Alaskas Gospel Angels Wing Salvation to Frontiers
Alaska, more than any other U.S. state, is an “unreached territory” with regard to the Third Angels’ Message.
Among Alaska’s 225 indigenous villages, only about 10 have received more than a passing encounter with Adventism. The challenging task ahead calls for reaching people of more then seven different native language groups.
So far, the Alaska Conference has established a presence among three indigenous people groups, in 11 villages. But of these, only eight have regular or volunteer staff on site. These villages are far apart and inaccessible, except by air. But the Conference is beginning to receive offers from youth and Pathfinder groups in various parts of the U. S., who wish to reach out to these villages.
To help meet the challenges of unentered areas, Adventist World Aviation (AWA) and the Alaska Conference this year have entered into a partnership agreement to help improve the quality of life for these forgotten people, by sharing the Advent message with them.
A Church-supporting ministry located in Berrien Springs, Mich., AWA provides aviation and communications support to those serving the physical, mental, and spiritual needs of the forgotten peoples of the earth.
Aircraft may be the most effective means of transportation to reach these unreached people groups, in our backyard. AWA’s airplance fleet in Alaska currently includes a Cessna 206 and a Cessna 182.
The Cessna 206, a 1976 six-place aircraft model, is being rebuilt to meet the transportation needs of those ministering to Alaska’s native population. Structural work on the airframe and wings has been completed, and refurbishing of control surfaces continues. A factory-remanufactured engine has been installed, with an overhauled prop and accessories.
Final assembly, paint, interior work, and some additional avionics must be completed before launch, but soon it will be ready to provide transportation among the unreached people groups and villages of Alaska.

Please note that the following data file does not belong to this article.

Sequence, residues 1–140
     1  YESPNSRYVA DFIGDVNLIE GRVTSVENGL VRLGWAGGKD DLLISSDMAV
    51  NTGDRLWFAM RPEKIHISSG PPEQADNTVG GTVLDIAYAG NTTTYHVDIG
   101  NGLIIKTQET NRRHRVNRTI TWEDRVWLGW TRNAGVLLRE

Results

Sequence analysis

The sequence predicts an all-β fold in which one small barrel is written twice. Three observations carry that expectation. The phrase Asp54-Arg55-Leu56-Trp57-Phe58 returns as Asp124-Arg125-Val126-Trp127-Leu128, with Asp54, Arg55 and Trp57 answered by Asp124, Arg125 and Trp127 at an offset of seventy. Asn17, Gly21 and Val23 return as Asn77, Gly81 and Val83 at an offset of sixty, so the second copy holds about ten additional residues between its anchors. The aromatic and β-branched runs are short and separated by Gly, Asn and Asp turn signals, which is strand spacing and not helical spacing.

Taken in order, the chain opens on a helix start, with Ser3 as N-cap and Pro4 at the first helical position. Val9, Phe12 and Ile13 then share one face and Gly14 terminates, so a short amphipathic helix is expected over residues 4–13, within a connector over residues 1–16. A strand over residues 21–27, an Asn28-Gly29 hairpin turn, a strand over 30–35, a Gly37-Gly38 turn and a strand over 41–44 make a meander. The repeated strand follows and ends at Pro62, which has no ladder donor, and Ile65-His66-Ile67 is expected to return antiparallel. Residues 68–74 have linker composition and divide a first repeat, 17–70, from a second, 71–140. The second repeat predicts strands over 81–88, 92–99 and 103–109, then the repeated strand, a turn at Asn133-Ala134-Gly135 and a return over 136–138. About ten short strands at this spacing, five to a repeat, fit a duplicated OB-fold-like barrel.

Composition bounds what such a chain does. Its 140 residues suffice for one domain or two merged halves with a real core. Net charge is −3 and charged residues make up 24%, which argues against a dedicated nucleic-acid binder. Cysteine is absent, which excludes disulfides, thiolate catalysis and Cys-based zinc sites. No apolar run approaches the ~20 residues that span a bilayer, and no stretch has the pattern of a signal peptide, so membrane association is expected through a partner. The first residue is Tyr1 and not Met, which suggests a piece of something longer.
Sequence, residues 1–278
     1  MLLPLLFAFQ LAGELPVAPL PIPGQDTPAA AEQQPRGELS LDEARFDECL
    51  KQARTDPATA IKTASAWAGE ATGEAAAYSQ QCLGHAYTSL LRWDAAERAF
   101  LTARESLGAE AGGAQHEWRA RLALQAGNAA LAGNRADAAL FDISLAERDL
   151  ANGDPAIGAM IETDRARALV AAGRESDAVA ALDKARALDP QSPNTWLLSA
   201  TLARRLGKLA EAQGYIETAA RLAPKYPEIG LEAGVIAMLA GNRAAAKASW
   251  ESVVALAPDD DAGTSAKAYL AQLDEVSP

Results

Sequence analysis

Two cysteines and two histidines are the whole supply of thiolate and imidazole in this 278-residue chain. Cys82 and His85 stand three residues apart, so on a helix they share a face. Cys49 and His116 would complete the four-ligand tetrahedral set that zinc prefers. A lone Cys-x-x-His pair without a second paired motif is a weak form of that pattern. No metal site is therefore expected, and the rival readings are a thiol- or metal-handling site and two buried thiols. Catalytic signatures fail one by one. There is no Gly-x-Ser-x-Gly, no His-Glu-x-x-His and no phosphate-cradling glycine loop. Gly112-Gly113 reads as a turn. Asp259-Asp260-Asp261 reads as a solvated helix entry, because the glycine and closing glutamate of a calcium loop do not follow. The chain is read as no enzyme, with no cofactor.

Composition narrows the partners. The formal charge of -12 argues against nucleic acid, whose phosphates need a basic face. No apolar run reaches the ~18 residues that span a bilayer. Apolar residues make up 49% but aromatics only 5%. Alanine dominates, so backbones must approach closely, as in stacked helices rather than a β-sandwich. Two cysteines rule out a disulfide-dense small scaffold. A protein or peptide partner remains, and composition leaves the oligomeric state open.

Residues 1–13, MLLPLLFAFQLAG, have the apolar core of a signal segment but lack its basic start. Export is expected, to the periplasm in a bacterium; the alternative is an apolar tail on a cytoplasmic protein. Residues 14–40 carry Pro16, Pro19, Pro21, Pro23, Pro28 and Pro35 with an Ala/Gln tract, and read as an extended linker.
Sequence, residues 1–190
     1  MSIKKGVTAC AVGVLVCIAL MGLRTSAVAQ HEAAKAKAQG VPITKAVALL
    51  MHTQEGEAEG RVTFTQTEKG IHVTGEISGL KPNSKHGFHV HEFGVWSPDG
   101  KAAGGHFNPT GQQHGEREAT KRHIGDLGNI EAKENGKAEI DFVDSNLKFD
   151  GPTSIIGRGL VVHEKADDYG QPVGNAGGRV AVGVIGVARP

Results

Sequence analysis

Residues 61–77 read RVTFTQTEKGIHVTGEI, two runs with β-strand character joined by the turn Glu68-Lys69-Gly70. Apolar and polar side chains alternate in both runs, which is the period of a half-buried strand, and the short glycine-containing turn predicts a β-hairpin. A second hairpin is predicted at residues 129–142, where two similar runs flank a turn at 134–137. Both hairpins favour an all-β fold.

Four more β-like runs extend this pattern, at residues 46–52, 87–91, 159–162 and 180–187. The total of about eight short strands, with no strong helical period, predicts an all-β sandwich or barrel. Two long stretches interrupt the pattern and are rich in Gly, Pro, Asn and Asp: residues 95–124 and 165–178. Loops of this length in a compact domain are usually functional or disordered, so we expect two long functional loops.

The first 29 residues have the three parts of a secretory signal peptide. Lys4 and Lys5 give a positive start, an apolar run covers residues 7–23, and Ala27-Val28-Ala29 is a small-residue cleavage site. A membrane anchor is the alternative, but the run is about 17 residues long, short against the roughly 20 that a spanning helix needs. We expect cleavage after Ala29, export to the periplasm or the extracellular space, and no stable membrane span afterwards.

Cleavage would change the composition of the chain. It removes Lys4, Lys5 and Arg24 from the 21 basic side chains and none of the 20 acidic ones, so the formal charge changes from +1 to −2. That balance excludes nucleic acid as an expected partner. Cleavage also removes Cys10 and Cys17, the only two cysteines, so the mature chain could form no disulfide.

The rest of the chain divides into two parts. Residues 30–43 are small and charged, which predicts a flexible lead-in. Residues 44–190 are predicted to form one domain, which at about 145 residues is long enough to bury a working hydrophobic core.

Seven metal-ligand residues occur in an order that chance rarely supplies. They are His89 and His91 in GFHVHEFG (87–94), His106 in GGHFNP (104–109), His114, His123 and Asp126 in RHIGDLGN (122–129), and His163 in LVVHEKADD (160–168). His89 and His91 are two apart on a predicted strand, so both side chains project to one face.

On May 11, a 1958 Cessna 182 was dedicated for God’s mission in Alaska. A group of more than 50 people gathered at the Andrews University Airpark and surrounded the mission plane, as Dwight K. Nelson, senior pastor of the Pioneer Memorial Church, offered the dedicatory prayer.
In that prayer, Pastor Nelson mentioned that the Cessna is a “mechanical angel that will join those angels of Revelation 14.” As he concluded his prayer, he said, “For the great state of Alaska, we claim the promise that is inherent in the First Angel’s Message, that the everlasting gospel will go to all the indigenous villages.”
AWA missionary pilots Clifton Brooks and Andy Klein, with volunteer pilot John Payne, helped ferry the mission aircraft from Berrien Springs to Anchorage, Alaska.
You Can Help
You too can help reach the 225 native villages in Alaska. Consider the following ways:
• Adopt a native village in Alaska.
• Serve as a volunteer teacher, doctor, nurse, Bible worker, or pastor.
• Donate an aircraft or ham radio gear to Adventist World Aviation.
• Become a prayer partner to help reach the unreached in Alaska.
“And the Good News about the Kingdom will be preached throughout the whole world.” Will you partner with God to reach out to these unreached people groups, within our borders? Please join Pastor Nelson in praying that the Lord will use these “celestial messengers for an apocalyptic mission.” •